What is Inflammatory Bowel Disease (IBD)?
IBD is the combined term used to describe two different chronic inflammatory conditions of the gastrointestinal tract – ulcerative colitis (UC) and Crohn’s disease. In a minority of patients it is uncertain which type is present and the term ‘indeterminate’ or ‘IBD-unclassified’ is used.
What are the causes of inflammatory bowel disease?
Despite much research, the cause is still unknown but these conditions are thought to arise in people with an inherited susceptible immune system which reacts abnormally to an environmental agent – probably a strain or strains of usually harmless intestinal bacteria.
How common is IBD?
IBD is most common in industrialised countries and in the UK between 150,000 and 200,000 people are affected. The incidence of Crohn’s disease is increasing and ulcerative colitis is stable.
What are the symptoms of inflammatory bowel disease?
Ulcerative colitis (UC) causes inflammation of the superficial lining of the colon (large bowel) which results in diarrhoea and bleeding – the severity of which depends upon the amount of colon involved. The disease usually starts between the ages of 10 and 40 and the inflammation can resolve and recur at any time.
Up to a quarter of people with UC also develop inflammation in other organs including the joints, skin and eyes.
How is it diagnosed?
Blood and stool tests may be helpful at excluding other conditions which mimic UC (e.g. infections) and the diagnosis is made by examining the lining of the large bowel at colonoscopy.
How is it treated?
The treatment depends upon the severity of inflammation and on how much of the large bowel is inflamed.
For short periods, steroids (by mouth or as an enema) are usually very effective. Mesalazine (or 5-ASA) is an anti-inflammatory drug which is often effective and safe when given for long periods and can also be given by mouth or as an enema.
Immunosuppressants may be needed if the benefits (i.e. avoidance of repeated doses of steroids) are thought to outweigh the side-effects (i.e. reversible bone marrow suppression). Occasionally if the inflammation cannot be controlled with medication, surgery is needed to completely remove the large bowel. In a later operation, the small bowel is internally joined back to the anus.
What are the long term risks of ulcerative colitis?
There is a small increased risk of developing colon cancer – the risk increases with the duration and severity of the disease. For this reason a colonoscopy should be performed 8-10 years after the diagnosed and every few years thereafter. If abnormal cells are detected they can be removed or possibly surgery performed before a cancer develops.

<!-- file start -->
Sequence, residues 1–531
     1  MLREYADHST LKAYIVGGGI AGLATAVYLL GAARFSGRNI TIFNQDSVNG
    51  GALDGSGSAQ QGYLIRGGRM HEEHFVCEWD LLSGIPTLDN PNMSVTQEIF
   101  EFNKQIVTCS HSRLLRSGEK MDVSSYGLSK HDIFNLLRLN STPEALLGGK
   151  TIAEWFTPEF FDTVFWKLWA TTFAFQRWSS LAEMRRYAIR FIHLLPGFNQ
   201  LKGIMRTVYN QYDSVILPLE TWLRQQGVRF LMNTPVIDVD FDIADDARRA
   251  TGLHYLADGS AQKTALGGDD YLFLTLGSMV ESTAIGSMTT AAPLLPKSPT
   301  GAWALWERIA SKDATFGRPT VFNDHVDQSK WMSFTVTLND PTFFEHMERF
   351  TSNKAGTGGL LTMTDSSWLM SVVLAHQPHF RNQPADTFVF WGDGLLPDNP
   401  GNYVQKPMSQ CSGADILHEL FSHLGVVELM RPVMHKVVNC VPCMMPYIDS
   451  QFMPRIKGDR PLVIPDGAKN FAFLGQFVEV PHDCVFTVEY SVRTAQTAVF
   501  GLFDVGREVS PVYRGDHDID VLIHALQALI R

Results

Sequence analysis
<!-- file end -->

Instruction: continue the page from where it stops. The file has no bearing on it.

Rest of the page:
What is Crohn’s disease?
Unlike UC, Crohn’s disease can cause inflammation in any part of the digestive tract, but most commonly at the end of the small intestine (terminal ileum) and colon. The inflammation spreads through the wall of the intestine and tends to be patchy.
The severity of disease is very variable and many people have relatively mild disease which hardly impacts on their life.
What are the symptoms of Crohn’s disease?
The symptoms depend upon which part of the digestive tract is involved and may be non-specific and be present for some time before the diagnosis is made. Cramping abdominal pain, weight loss and watery diarrhoea (blood diarrhoea is more common in UC) are most common. More severe inflammation leads to narrowing of the intestines (strictures), abscesses or fistula (small connections between the rectum and adjacent skin).
How is it diagnosed?
Initial investigations include blood and stool tests. A colonoscopy is needed to examine the large bowel and end of the small bowel and to take biopsies. If the diagnosis is still unclear, radiological tests (CT scan and/or MRI) are often helpful. Capsule endoscopy is increasingly used to detect inflammation in the small intestine which cannot be detected by conventional colonoscopy and radiology.
How is it treated?
Prednisolone (a steroid) usually works rapidly to reduce inflammation but cannot be used for long periods as it can cause weight, hypertension, osteoporosis and infections due to immunosuppression.
Unlike UC, stopping a normal diet and taking a liquid diet (polymeric or elemental) is often effective in the short-term.
Antibiotics are also used to treat abscesses and to temporarily reduce inflammation in the lining of the intestine.
Immunosuppressant medications (azathioprine, 6-mercaptopurine and methotrexate) are increasingly being used but take 2-3 months to start working and need regular monitoring with blood tests.
About half of patients with Crohns’ disease of the small intestine will need an operation at some stage. This usually means removing a limited section of the intestine or draing abscess or fistula in the rectum.
What are biological treatments for Crohn’s disease?
Biological treatments are antibodies designed to a block a specific part of the immune system. They are increasingly being used and most patients experience a rapid reduction in symptoms. They are usually used if repeated doses of steroids are needed or if immunosuppressant drugs are not working adequately.
The two agents commonly in use are infliximab (Remicaid®), which is given intravenously every 8 weeks, and adalimumab (Humira®) which is self-administered under the skin every 2 weeks. Close monitoring is needed as they can lower the immune system and cause infections.
Where can I find out more about Crohns disease?
The National Association for Colitis and Crohn’s disease (www.nacc.org.uk) is an easily accessible source of useful information.